Poverty may mean that crime is the only way that the working class can survive, as crime may e the only way that they can obtain the consumer goods encouraged by the capitalist advertising, resulting in utilitarian crimes such as theft. However, it isn’t always utilitarian crime that the working class commit as sometimes the alienation and lack of control over their lives may lead to frustration and aggression which results in non-utilitarian crimes such as vandalism and violence. Marxist’s sometimes argue the state and law-making are a cause of crime because they believe that all laws serve the ruling class, most law is based on protecting private property. The crimes of the working class and ethnic minorities are punished harshly while crimes of the powerful go unnoticed. The ruling class also have the power to prevent the introduction of laws that would threaten their interests.
author:love88 Karl Marx is the father of communism. In this essay “The Communist Manifesto” by Karl Marx argues that class struggles between the bourgeoisie and proletarians. Marx believed that all property should be publically owned. There would be no government, and everyone would work together for the good of the community. Thus, the society would be classless and stateless.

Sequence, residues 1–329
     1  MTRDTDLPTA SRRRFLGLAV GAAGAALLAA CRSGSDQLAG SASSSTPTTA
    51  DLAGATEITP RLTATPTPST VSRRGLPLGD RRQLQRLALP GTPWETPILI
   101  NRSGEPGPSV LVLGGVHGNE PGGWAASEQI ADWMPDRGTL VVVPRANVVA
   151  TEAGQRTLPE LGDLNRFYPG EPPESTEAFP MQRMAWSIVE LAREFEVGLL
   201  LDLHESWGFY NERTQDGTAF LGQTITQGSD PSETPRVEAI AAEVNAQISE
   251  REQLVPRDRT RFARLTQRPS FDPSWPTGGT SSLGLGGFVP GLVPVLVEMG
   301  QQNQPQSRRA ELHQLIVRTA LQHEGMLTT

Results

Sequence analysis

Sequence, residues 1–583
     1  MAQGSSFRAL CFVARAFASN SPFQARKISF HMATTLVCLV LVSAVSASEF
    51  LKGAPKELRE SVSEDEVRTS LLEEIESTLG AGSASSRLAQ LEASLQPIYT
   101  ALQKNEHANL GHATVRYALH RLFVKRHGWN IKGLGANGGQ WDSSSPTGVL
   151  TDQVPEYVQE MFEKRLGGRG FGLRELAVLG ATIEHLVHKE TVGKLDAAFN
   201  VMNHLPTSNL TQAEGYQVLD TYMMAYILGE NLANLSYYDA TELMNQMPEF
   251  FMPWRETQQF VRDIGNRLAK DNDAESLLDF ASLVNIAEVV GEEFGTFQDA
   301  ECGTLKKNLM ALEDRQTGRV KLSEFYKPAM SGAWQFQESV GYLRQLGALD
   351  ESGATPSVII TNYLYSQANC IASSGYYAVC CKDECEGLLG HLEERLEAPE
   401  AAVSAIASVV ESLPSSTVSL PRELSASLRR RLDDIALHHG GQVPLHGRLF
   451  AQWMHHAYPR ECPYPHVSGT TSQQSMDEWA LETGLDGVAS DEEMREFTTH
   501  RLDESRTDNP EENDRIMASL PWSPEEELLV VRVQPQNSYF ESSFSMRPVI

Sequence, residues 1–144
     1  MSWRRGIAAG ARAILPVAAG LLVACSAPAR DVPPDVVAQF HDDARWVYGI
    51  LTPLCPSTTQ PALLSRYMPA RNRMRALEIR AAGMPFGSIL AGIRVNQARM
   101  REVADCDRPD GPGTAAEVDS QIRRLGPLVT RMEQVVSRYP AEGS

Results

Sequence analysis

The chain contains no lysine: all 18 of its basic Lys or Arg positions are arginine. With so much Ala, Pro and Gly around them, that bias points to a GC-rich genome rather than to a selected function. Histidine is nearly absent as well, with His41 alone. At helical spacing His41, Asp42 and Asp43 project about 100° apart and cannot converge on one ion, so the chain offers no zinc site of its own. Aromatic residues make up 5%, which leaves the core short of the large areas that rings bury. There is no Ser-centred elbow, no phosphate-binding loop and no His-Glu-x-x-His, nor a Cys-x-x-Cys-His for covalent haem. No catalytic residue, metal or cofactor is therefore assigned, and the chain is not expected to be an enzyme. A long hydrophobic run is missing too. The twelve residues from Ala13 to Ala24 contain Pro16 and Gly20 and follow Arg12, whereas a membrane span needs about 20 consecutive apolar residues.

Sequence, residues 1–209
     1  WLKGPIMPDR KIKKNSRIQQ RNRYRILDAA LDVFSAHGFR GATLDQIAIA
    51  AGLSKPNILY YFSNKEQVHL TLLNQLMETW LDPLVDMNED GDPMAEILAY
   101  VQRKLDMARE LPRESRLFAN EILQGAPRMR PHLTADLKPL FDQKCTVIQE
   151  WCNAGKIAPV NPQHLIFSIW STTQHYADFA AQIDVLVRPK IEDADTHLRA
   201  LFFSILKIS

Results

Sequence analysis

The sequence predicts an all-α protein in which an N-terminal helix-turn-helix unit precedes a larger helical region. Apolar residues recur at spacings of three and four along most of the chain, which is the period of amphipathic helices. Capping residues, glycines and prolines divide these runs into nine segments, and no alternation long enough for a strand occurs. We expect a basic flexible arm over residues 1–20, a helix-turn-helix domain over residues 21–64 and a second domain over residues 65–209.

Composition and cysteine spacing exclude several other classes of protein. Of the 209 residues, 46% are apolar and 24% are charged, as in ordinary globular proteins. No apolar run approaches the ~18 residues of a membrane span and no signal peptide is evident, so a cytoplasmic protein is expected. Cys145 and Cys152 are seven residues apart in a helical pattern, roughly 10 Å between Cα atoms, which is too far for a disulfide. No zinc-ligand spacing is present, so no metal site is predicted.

Adam Smith lived through a mercantile system, which he highly opposed therefore the idea of a free market system seemed to be the best solution in a time period before the industrial revolution. Unlike Smith, Marx had personal accounts of the industrial revolution, therefore he would have “anticipated the high- technology, global interests of modern institutions, dangers of consuming non- renewable natural resources and the issue of post industrial unemployment.” Both tried to create a system where everyone could be happy but their views on capitalism as the better political system conflicted. Karl Marx’s and Adam Smith’s views on capitalism differed in terms of the division of labour, competition and the class structure in society. “The trade of the pin- maker: a workman not educated to this business (which the division of labour has rendered a distinct trade), nor acquainted with the use of the machinery employed in it (to the